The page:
Comeback player far from decided

Adrian Peterson has stiff competition for the Comeback Player of the Year award from Peyton Manning. Both are making strong cases for the award that will likely be decided in the final six games of the season.

There are plenty of awards that players want to win. Many veteran contracts are built in with escalators and bonuses for such things as Pro Bowl selection and the NFL's postseason awards – football's version of the leg lamp.

But one award nobody enters an NFL career hoping at some point to win is the Comeback Player of the Year award. It means you're coming off a significant injury that shelved you.

Neither are good things. But, for perhaps the first time in the history of the award, there is a fierce battle going on. Who should win the award – Peyton Manning or Adrian Peterson? I feel I can adequately lay out the rationale for both candidates without any mention of "Big Spending Jim Graves" as the political ads were wont to do.

A compelling case can be made for Manning – at this point I am tugging on my defense attorney-quality suspenders. Throwing for 241 yards isn't too shabby – some may argue that was Christian Ponder's total for October. B that is the low point of Manning's 2012 season – a Week 2 loss at Atlanta when he threw three interceptions early. Since then, a span of seven games, the lowest yardage total for Manning has been 291. In the other six games, he has topped 300 yards. In five of those seven games, he has thrown three touchdowns. In each of his last six games, he has posted a passer rating above 103.0 and leads the NFL with a season-long passer rating of 108. Since throwing the three interceptions in Week 2, Manning has just three interceptions in the seven games since.

Like Brett Favre in 2009, he has done all this with new teammates he didn't know prior to showing up at training camp. The naysayers said he should have chosen San Francisco, which many believed was more Super Bowl-ready than the Broncos in the short-term. Many also thought that, after five neck surgeries, Manning shouldn't have come back at all. He did and is arguably the most efficient quarterback in the league.

Then there is A.P. Vikings fans know his story all too well. His knee got shredded on Christmas Eve and most medical types thought that he would miss the entire 2012 season. Not only did he return much faster than anyone expected, he is having arguably the most prolific season of his career. He leads the NFL in rushing with 1,128 yards, is averaging a whopping 5.8 yards per carry, has rushed for 79 or more yards in all but one game, has topped 100 yards in five games and, in the last four games, has rushed for 629 yards and five touchdowns.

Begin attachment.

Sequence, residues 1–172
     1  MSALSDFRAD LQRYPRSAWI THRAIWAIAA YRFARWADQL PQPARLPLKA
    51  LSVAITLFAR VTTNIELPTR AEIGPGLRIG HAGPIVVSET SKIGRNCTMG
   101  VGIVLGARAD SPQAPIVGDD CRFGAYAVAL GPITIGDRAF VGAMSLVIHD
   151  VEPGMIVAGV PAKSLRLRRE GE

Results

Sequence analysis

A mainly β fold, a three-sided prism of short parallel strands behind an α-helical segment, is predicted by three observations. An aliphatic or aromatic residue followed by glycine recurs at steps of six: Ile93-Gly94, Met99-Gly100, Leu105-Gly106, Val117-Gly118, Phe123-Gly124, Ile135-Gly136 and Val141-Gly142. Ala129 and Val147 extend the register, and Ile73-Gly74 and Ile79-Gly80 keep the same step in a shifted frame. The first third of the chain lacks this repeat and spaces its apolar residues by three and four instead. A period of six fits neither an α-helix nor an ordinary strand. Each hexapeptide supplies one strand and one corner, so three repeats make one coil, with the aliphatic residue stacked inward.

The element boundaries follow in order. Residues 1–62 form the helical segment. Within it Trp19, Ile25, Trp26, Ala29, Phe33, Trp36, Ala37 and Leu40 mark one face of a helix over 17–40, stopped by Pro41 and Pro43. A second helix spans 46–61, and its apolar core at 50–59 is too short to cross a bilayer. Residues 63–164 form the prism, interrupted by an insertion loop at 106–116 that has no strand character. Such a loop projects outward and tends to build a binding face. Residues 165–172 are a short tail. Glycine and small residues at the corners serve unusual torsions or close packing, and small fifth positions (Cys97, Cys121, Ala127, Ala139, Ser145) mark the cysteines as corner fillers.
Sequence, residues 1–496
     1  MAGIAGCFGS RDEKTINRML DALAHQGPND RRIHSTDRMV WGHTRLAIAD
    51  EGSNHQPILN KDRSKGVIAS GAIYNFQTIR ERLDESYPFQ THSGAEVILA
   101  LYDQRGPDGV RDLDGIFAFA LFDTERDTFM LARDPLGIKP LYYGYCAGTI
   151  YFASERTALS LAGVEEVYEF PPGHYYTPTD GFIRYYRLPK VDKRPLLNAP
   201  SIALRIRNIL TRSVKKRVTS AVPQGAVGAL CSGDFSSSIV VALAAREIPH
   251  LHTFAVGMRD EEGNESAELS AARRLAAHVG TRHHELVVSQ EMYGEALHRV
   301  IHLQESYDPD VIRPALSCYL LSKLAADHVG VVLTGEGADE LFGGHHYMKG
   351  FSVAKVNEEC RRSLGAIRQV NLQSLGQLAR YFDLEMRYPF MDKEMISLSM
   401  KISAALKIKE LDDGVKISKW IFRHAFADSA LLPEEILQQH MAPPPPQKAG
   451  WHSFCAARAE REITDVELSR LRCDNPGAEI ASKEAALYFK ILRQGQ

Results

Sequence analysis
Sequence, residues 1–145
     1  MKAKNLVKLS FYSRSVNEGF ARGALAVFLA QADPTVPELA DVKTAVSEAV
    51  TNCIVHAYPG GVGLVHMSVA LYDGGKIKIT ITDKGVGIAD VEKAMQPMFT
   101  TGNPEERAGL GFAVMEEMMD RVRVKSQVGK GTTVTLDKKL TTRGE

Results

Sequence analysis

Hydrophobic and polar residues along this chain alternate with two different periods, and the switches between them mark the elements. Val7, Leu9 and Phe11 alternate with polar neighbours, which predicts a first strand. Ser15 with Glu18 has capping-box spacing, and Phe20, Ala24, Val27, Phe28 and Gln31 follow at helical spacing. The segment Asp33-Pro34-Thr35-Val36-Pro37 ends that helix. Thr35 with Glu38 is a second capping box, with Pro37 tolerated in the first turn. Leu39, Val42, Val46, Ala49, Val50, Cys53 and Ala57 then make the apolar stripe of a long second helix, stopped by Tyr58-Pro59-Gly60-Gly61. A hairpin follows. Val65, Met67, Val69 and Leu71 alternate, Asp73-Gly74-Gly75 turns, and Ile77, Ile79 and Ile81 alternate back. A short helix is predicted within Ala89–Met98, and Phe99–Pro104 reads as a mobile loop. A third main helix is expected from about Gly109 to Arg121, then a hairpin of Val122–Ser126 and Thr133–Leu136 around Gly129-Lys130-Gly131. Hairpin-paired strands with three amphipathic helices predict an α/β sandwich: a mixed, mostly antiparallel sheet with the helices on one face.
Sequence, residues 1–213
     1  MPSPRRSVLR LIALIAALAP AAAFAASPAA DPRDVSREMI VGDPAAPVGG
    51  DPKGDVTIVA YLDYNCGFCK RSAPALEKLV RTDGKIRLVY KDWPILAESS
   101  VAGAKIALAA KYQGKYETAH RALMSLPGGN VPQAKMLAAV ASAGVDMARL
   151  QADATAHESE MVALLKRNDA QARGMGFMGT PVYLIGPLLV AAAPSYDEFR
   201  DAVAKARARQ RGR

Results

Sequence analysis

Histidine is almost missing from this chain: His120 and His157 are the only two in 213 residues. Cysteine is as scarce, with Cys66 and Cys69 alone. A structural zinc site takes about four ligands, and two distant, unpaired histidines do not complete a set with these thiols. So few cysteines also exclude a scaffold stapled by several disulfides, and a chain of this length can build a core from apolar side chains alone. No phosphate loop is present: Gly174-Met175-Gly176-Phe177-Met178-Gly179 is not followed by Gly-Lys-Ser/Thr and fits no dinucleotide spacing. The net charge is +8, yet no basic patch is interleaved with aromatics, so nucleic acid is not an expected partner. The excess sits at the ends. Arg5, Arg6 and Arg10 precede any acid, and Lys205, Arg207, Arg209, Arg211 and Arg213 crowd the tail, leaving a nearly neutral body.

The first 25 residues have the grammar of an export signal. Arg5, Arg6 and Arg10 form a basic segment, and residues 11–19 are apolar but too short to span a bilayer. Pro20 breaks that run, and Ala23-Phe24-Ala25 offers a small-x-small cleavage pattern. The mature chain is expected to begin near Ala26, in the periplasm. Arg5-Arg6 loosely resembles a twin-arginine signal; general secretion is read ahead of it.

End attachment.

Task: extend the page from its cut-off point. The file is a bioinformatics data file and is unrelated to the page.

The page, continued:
Unlike Manning, who has players protecting him from taking big hits, Peterson plays the most physically demanding position on offense, where opponents stack the box to take shots at his injured knee and simply can't stop him. Not only has he come back from the injury, in recent weeks he has looked like the A.P. of old, breaking off runs of more than 60 yards in each of the last three games.

While awards – whether they are MVP awards or Comeback Player of the Year awards – typically go to quarterbacks, Peterson has made a compelling argument that he should break the mold. When all is said and done, one of them will get the CPOY honor. If there is a way to split it, they should both get it. A strong argument can be made for each that he is deserving of the hardware and title. In the process, not only have both of them made an amazing case to be Comeback Player of the Year, they've positioned themselves to be strong candidates for the Most Valuable Player. The final six weeks of the season will likely decide who wins it, but both Peterson and Manning are testaments to what hard work and desire to play despite devastating injuries can mean to a career. Who will win? The debate continues.


  • On Wednesday, the most recent figures for fan votes to the 2013 Pro Bowl were released. Adrian Peterson ranks fifth with approximately 298,000 votes, trailing only Peyton Manning (377,000), Tom Brady (345,000), Arian Foster (333,000) and Aaron Rodgers (320,000).

  • Former NFL head coach John Madden, the faceplate of the EA Sports Madden video game, has always been a fan of offensive linemen – the grunts that do the dirty work to make skill position players look good. Every week, he names an offensive line with the Most Valuable Protectors Award – a Madden-style MVP acknowledgement. In Week 10, he named the Vikings offensive line as that week's recipient, paying homage to the linemen that helped Adrian Peterson run wild and Christian Ponder to complete 75 percent of his passes.

  • Nadmukong Suh earned a sack that he wasn't credited with when the Vikings played the Lions Sunday. Elias Sports Bureau, which keeps the official NFL stats, changed a scoring decision from Sunday's game to give Suh a third-quarter sack of Christian Ponder.

    John Holler has been writing about the Vikings for more than a decade for Viking Update. Follow Viking Update on Twitter and discuss this topic on our message boards. To become a subscriber to the Viking Update web site or magazine, click here.

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